Seasonal reads

Bask in the warmth of the sun by picking the perfect book

A voracious reader for as long as I can remember, I never thought reading could be seasonal – that is, until I found myself lying on a sweltering beach in Thailand trying to get lost in the ice and snow of pre-revolutionary Russia in Leo Tolstoy’s War and Peace. My thinking behind choosing this book was sound – I was travelling, so I needed something that would keep me occupied without taking up too much space in my backpack. With its tiny print and massive number of pages, War and Peace was about the most economical choice I could have made, possibly barring the Bible or a compact encyclopedia. But somehow it just didn’t work for me, and so it travelled with me halfway around the world and back home again, where I didn’t read it until winter had settled around me. Ever since then I’ve found there are books I love to read or re-read when a certain season comes around, and these are my top picks for the warmer months.

The Grapes of Wrath by John Steinbeck

It’s hot, it’s dusty and it’s miserable as hell – but this is the great, archetypal American Dream story of travelling west in search of a better life. As the starving, ragged travellers dream of plucking ripe oranges from the trees of California at the end of their desperate journey, your heart can be lifted by the warmth of affection between the disparate characters.

Rebecca by Daphne du Maurier

‘Last night I dreamt I went to Manderley again.’ The action in Daphne du Maurier’s tale of a young girl who is whisked away by an older widower but then finds herself haunted by the memory of his dead wife runs over several seasons, but its immortal first line firmly roots it in warmer months, when the narrator sees Manderley for the first time: ‘The best moment, before the full flush of summer, and in the valley the azaleas would be prodigal of scent and the blood-red rhododendrons in bloom.’ The lushness of the estate, so full of the memory of Rebecca, contrasts with the emptiness of a heroine who feels she has got lost in someone else’s story – a tale perfect for getting lost in yourself.’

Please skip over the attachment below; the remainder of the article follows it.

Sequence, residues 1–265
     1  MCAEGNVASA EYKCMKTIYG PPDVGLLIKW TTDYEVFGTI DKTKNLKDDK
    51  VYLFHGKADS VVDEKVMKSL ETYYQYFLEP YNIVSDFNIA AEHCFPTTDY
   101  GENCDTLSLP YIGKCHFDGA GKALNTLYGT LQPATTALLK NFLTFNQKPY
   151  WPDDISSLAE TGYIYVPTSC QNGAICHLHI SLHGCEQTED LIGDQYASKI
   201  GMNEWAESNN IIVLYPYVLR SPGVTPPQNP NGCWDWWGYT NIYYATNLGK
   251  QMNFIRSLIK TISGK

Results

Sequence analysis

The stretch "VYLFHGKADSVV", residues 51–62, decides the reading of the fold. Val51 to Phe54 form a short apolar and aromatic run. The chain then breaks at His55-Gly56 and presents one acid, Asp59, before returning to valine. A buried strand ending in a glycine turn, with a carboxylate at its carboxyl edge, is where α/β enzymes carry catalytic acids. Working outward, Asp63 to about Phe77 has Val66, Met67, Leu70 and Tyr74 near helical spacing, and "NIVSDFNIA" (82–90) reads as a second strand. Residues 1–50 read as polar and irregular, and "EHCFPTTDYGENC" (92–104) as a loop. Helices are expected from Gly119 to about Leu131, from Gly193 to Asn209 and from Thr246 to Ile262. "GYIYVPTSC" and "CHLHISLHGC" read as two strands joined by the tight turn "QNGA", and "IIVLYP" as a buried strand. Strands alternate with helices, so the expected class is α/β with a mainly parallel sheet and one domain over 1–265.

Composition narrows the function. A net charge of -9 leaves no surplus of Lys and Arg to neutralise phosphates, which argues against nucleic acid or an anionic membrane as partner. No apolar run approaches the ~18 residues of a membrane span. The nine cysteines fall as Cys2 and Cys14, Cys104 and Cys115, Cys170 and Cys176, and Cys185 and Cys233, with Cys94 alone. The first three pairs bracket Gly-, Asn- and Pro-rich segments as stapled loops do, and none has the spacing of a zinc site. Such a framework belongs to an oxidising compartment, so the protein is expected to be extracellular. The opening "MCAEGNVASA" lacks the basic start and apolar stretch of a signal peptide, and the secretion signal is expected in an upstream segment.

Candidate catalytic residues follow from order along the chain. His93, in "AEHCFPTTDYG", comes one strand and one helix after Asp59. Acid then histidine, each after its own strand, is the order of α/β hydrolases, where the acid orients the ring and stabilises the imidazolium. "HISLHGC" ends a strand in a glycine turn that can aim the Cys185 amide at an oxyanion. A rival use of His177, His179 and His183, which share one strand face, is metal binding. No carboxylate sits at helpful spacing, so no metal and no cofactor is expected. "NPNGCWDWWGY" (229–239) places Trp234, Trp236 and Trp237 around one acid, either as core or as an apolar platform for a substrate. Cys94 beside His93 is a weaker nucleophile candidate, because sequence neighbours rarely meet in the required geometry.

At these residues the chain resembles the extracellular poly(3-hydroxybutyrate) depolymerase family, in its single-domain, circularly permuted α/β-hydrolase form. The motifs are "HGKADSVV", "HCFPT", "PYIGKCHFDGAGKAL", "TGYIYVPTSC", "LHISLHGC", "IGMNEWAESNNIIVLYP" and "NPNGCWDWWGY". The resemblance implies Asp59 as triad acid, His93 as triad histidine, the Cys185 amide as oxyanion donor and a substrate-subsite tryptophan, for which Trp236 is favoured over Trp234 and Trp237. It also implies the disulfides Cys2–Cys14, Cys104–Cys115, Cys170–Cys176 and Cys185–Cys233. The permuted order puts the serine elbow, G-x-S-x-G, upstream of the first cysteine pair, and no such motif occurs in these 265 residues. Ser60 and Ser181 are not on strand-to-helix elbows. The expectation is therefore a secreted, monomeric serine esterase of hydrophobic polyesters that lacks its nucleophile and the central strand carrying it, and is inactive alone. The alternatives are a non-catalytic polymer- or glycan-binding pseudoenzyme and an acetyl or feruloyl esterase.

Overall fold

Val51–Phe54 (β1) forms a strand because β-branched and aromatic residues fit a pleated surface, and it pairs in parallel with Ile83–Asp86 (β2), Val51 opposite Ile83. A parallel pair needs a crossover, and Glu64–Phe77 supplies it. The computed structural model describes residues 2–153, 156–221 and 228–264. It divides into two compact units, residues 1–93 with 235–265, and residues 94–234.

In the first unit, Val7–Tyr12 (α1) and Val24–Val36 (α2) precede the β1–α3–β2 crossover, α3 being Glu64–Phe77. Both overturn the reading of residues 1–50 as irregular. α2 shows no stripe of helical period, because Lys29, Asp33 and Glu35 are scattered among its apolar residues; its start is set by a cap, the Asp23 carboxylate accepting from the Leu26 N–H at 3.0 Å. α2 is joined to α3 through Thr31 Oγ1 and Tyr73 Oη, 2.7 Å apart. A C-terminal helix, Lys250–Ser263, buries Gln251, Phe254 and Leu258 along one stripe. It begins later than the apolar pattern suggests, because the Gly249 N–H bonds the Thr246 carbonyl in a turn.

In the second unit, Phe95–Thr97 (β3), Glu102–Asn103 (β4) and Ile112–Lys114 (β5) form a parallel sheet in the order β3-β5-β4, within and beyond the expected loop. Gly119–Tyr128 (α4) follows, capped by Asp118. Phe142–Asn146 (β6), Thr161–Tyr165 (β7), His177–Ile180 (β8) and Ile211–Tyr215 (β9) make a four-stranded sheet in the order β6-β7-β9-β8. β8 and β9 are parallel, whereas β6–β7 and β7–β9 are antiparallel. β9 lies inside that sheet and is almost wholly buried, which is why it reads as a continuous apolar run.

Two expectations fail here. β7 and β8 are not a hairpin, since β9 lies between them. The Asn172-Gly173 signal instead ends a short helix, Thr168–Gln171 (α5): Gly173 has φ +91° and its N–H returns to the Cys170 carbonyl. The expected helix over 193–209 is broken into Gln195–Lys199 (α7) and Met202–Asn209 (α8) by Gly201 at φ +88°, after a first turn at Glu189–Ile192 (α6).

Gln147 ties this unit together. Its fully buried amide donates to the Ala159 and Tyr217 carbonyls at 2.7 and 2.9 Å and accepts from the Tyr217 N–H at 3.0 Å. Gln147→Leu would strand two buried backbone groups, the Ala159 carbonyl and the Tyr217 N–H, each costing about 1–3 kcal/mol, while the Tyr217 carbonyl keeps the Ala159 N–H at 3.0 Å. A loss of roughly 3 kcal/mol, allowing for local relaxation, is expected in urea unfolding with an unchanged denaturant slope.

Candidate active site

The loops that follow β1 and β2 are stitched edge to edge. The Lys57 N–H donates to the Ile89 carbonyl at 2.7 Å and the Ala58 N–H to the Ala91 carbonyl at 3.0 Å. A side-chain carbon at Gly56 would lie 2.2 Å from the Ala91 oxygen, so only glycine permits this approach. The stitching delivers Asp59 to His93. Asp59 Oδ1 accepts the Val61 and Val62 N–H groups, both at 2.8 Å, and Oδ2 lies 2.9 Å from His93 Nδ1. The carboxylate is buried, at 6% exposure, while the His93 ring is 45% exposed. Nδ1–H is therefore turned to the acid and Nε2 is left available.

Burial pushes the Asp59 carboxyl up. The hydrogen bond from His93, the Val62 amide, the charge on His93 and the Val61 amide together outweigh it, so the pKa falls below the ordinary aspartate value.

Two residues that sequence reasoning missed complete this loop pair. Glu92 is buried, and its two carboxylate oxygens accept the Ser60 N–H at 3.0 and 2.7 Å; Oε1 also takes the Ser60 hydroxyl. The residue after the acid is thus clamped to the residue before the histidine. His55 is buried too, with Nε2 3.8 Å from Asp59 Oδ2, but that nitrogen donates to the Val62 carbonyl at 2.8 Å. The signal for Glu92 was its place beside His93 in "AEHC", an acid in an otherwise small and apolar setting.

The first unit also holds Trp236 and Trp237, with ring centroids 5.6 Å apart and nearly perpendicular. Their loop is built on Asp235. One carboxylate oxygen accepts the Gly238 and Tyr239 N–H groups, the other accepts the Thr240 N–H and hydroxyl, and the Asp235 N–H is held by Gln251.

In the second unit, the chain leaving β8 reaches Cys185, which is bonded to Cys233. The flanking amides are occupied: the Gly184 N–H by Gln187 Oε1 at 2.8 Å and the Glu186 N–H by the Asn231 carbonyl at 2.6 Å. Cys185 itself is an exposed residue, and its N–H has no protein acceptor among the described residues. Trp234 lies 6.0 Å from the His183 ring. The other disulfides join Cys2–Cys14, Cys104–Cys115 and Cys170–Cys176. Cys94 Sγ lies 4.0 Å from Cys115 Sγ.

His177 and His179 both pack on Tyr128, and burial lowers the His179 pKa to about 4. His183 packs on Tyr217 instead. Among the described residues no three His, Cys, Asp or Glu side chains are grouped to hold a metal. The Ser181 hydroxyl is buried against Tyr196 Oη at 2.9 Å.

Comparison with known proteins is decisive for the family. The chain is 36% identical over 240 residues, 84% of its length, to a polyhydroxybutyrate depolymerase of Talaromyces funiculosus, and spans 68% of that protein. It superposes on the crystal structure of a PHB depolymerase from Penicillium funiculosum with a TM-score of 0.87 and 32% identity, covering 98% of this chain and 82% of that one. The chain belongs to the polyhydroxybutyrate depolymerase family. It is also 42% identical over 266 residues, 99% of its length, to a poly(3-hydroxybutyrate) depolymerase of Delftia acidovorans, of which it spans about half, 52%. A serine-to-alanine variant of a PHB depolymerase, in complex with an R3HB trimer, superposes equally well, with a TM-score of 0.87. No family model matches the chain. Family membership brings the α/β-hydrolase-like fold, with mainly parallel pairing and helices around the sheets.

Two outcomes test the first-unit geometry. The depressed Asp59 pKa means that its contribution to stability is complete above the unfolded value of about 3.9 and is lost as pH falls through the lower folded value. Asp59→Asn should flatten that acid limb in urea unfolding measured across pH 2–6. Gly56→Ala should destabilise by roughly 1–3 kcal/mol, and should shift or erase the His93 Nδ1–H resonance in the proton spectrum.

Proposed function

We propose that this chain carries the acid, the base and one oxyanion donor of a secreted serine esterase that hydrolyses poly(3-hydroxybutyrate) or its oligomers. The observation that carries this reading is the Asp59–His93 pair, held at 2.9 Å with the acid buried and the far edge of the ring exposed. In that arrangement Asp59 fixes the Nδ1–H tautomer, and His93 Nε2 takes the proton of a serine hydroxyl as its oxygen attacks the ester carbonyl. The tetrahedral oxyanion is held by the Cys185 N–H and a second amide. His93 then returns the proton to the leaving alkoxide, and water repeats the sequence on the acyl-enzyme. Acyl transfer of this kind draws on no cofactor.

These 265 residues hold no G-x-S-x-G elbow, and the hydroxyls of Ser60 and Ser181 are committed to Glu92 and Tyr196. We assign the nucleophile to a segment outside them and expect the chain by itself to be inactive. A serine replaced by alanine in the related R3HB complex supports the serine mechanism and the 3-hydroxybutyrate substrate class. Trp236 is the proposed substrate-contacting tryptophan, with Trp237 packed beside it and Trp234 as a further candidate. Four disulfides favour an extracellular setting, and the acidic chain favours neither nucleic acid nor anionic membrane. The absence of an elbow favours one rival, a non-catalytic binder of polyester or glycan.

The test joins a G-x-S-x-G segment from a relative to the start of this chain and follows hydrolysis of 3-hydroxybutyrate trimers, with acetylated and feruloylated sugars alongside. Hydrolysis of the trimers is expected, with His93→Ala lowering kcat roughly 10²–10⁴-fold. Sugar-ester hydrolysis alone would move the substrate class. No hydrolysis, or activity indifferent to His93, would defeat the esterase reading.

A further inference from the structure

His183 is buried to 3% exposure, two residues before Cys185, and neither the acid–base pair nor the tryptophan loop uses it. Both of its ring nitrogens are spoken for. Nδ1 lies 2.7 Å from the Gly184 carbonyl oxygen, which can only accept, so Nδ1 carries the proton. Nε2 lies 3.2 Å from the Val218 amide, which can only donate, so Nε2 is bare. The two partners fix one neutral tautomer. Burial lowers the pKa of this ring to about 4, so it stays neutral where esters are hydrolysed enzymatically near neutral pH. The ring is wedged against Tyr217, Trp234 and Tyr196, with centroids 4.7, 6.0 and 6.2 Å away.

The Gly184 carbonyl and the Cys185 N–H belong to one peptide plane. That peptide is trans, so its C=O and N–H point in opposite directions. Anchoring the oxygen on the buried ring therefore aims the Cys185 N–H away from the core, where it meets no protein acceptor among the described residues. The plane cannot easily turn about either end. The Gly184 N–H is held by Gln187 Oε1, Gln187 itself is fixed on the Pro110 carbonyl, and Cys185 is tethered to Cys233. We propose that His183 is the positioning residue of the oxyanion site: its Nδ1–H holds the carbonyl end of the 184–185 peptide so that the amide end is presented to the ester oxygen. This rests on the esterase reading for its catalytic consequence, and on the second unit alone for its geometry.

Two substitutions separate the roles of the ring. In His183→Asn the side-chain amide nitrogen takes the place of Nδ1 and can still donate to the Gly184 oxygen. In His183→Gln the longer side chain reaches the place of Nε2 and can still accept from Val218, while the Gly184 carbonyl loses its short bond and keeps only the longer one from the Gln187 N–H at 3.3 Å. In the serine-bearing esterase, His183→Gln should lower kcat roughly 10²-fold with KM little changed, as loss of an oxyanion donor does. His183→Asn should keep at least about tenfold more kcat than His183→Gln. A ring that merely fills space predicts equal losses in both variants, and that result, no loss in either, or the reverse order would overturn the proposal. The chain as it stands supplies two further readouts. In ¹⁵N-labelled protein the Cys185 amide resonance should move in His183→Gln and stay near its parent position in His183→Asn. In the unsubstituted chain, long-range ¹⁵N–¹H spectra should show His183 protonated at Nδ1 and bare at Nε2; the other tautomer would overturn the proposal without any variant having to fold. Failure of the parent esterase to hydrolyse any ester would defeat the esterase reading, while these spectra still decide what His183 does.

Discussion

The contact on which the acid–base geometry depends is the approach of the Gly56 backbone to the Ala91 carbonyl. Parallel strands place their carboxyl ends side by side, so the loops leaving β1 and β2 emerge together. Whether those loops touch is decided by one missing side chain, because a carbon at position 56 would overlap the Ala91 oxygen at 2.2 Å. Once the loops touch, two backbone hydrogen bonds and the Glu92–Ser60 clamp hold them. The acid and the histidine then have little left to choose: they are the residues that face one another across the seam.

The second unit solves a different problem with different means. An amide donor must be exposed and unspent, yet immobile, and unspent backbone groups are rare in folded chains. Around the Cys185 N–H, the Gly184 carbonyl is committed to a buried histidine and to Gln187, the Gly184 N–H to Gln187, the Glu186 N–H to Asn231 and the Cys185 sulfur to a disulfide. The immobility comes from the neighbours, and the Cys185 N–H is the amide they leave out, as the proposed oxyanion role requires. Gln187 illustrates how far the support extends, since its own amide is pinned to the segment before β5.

Generation X by Douglas Coupland

Adrift in the heat of the California desert, three 20-somethings scarred by the 1980s fallout of yuppies, recession, crack and Ronald Reagan tell each other stories to try to understand their world, and coin a new language as they do so. From ‘McJobs’ – ‘a low-pay, low-prestige, low-dignity, low-benefit, no future job in the service sector. Frequently considered a satisfying career choice by people who have never held one’ – to ‘Now Denial’ – ‘to tell oneself that the only time worth living is in the past and that the only time that may ever be interesting again is in the future’ – their neologisms, quips and fantasies of nuclear apocalypse become a way of building friendships and showing love. This is a story that defined a generation but is also a timeless expression of what it feels like to be young and have your whole future in front of you but somehow, frighteningly, just out of reach.

Kubla Khan by Samuel Taylor Coleridge